JUNEAU -- One of two companies planning to build major natural gas pipelines in Alaska has dropped its bid, saying Tuesday that it didn't secure the support necessary to justify going forward with its project.
The announcement from Denali-The Alaska Gas Pipeline raised questions about the prospects for building a long-hoped-for line in Alaska. For years, Alaskans have dreamed of a gas line as a way to help shore up revenues as oil production declines, create jobs and provide a more reliable source of energy. But Denali cited changes in the market -- lower gas prices, the rise of North American shale -- as making it tough to get the commitments they needed to move forward.
Denali venture had been competing with a plan to build a line TransCanada Corp., which says it is continuing efforts to move its project forward. TransCanada has progressed with state financial support, something Denali never received. A company official, Scott Jepsen, doesn't believe it would have made a difference in the Denali decision.
Like TransCanada, Denali has been working since last year to secure shipping agreements necessary to advance its project. But Jepsen said it wasn't successful in doing so and Denali was cutting its losses.
To keep going, Denali would have needed firm transportation agreements in excess of $100 billion and transportation commitments of at least 20 years for a line that wouldn't be in service until at least 2020, said Jepsen, Denali's vice president of business services.
"It came time to make the business decision to discontinue" the project, he told The Associated Press.
Denali reported spending over $165 million in pursuing the project. In a statement, Denali President Bud Fackrell said the company could not spend the billions of dollars necessary to advance the project without binding agreements with shippers.
Denali, a joint venture of BP and ConocoPhillips, had estimated its project would have cost $35 billion. Both Denali and TransCanada had proposed plans to be in service by about 2020 and deliver about 4.5 billion cubic feet of gas per day from Alaska's North Slope to North American markets by larger lines to Canada.
While Jepsen couldn't comment on specific concerns raised by shippers in negotiations, citing confidentiality, he said today's market conditions aren't a secret.
He declined to speculate on whether he believes a major line will move forward in Alaska. Given that Denali has always been cast as a market-driven project, he said he doesn't believe its project would have fared any better had it received state financial support.
Under the 2007 Alaska Gasline Inducement Act, championed by then-Gov. Sarah Palin, TransCanada won an exclusive license to pursue a project, meaning it got the pledge of up to $500 million in state aid but also had to meet certain benchmarks. (TransCanada is working with Exxon Mobil Corp. to advance its project.)
On Tuesday, TransCanada's Tony Palmer said Denali's decision had no effect on TransCanada's activities. He said his company was making progress and has resolved nearly all the issues it has with customers. He said some of the others -- including resolution on disputed leases and long-term certainty on royalty and tax issues -- are out of its control and need to be dealt with by the state and the gas companies.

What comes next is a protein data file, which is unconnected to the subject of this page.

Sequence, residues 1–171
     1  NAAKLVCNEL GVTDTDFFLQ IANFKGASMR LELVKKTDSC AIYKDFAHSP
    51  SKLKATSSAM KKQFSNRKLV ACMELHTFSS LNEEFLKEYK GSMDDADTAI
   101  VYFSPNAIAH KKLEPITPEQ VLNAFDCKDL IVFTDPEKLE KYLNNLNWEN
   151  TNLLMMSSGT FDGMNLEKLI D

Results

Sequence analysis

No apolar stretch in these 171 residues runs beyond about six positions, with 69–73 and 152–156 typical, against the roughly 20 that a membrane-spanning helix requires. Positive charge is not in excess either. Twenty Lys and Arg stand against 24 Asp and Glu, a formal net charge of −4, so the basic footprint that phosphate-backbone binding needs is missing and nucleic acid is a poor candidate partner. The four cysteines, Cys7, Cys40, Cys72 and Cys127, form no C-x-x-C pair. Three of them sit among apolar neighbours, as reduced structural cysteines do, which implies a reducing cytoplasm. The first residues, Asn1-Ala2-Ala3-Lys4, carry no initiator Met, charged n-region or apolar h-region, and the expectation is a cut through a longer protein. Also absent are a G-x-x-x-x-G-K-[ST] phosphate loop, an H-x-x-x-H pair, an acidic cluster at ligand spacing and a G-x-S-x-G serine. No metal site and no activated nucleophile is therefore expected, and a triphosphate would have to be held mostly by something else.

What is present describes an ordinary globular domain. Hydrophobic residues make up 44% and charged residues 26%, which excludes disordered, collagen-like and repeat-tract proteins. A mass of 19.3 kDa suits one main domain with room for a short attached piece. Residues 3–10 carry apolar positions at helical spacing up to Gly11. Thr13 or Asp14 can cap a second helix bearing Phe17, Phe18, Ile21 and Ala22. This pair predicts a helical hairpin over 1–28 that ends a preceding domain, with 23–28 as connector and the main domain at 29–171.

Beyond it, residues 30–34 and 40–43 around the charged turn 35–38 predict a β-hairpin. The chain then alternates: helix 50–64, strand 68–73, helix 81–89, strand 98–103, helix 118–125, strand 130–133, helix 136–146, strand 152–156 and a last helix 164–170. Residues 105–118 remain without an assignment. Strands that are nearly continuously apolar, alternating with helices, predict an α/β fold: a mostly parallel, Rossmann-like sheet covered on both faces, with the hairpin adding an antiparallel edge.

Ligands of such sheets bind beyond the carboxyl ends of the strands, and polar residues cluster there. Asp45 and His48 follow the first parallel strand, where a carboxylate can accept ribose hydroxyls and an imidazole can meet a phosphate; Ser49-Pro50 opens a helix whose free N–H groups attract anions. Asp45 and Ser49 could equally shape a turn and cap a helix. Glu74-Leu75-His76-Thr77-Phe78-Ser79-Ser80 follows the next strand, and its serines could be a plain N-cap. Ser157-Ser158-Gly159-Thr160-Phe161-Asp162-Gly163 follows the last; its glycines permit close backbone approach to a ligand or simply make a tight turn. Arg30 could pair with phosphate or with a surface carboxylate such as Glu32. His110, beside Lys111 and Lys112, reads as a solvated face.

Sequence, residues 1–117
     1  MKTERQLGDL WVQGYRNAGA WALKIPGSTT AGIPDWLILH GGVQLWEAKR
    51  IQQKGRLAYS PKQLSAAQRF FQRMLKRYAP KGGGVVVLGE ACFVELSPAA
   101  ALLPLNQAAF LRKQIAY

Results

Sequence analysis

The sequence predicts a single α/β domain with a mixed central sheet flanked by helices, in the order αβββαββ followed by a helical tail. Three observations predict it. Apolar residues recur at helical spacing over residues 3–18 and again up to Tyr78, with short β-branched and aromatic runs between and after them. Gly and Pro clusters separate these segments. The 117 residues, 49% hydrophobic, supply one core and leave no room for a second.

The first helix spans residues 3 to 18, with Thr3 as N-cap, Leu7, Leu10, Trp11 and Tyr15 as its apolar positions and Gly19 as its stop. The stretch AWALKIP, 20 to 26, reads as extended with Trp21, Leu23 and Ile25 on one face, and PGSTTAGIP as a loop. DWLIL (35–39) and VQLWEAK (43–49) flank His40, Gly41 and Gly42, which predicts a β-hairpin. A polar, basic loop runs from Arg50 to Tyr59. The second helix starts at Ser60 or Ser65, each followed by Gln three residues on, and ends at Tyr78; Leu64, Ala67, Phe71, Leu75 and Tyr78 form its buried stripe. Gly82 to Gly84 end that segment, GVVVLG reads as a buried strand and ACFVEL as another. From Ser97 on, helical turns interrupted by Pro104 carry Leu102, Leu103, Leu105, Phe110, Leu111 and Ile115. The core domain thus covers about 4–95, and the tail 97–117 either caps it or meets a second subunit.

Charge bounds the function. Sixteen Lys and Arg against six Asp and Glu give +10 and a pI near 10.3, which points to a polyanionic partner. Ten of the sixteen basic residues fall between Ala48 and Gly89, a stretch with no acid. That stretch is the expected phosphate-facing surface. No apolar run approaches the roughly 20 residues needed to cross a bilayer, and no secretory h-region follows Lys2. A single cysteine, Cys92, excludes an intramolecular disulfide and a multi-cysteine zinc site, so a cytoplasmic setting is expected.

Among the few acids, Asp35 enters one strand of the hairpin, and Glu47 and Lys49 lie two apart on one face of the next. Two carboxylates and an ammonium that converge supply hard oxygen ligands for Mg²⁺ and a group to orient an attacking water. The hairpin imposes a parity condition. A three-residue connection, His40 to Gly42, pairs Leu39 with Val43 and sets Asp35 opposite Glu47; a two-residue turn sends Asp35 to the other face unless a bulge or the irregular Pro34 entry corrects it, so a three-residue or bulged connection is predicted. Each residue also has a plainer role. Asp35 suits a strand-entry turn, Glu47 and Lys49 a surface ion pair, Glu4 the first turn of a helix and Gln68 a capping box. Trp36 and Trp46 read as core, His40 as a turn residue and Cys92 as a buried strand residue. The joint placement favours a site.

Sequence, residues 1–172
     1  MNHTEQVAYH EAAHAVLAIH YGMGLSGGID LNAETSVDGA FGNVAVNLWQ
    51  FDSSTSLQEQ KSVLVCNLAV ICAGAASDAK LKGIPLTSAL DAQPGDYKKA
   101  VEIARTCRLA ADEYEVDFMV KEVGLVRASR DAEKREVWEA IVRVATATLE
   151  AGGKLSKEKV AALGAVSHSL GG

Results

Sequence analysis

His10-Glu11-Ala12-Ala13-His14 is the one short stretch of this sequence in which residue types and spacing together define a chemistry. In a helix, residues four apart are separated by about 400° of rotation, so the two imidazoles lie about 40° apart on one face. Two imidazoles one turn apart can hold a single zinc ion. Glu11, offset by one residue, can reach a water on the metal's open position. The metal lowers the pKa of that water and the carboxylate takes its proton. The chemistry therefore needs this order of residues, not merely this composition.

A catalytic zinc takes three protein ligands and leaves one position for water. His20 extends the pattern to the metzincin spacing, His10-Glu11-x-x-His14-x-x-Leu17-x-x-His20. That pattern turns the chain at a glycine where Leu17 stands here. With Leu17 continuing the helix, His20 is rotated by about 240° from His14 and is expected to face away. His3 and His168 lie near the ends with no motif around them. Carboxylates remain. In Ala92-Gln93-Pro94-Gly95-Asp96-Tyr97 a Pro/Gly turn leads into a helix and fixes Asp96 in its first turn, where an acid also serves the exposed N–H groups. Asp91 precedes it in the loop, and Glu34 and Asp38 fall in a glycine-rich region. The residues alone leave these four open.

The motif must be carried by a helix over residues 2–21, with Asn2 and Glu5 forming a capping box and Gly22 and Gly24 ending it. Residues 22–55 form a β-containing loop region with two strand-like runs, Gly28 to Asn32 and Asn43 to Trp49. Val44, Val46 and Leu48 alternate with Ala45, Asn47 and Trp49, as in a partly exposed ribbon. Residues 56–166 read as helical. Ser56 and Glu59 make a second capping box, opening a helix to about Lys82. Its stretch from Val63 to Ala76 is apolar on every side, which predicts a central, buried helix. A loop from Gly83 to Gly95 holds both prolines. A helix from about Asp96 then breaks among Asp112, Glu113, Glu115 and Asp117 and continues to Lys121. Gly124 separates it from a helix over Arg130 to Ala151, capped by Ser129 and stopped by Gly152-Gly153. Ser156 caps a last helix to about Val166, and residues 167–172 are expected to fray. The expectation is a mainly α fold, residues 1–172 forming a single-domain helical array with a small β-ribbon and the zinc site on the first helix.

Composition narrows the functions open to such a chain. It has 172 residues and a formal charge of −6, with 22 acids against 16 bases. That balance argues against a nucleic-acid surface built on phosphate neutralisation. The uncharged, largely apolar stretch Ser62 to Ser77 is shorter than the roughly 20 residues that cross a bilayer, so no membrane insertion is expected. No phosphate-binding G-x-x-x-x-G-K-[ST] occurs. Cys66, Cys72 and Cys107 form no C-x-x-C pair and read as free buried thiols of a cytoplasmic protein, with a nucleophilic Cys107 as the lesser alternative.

Lawmakers are antsy to see results from TransCanada. There was talk during the legislative session about possibly seeking to cut ties with the company if agreements weren't reached sometime this year. On Tuesday, at least two House Republicans renewed that debate: Speaker Mike Chenault, who said Denali's announcement was a "clear signal" that state needs to focus on a gas to serve Alaska's needs, and Rep. Mike Hawker, who said there's no reason to believe the circumstances facing Denali are any different than those facing TransCanada.
Hawker said it's time the state stop "wasting more time, money and effort" on the major line under the inducement act.
Larry Persily, the federal coordinator for Alaska natural gas transportation projects, said the gas line is too important to Alaska's economy to give up on it. He said U.S. natural gas markets are well-supplied in the near-term but that could change as utilities turn to natural gas.
"Our economy is wrapped up in oil and gas, and it's not looking real good on oil production," he said. Whether by "2020, 2025, it doesn't matter. We need (a major gas line)," he added.
He said officials should be doing everything possible -- including having the state, TransCanada and gas producers -- sit down together to see what, exactly, it will take to get a project moving.
Alaska Gov. Sean Parnell said there was a "silver lining" to Denali's announcement: it allows ConocoPhillips and BP to partner in another gas line project.
"While the competition that drove progress on this important project has been welcome, it has always been universally understood that only one project would be built," he said.
Representatives of BP and ConocoPhillips in Alaska said their companies are looking for ways to bring Alaska gas to market.
BP Alaska spokesman Steve Rinehart declined to say whether the company had bid on either pipeline project. But he said there had been "active negotiations" with both.
ConocoPhillips had submitted an initial bid on the Denali project. Spokeswoman Natalie Lowman declined to say whether it was involved in talks on the TransCanada project.
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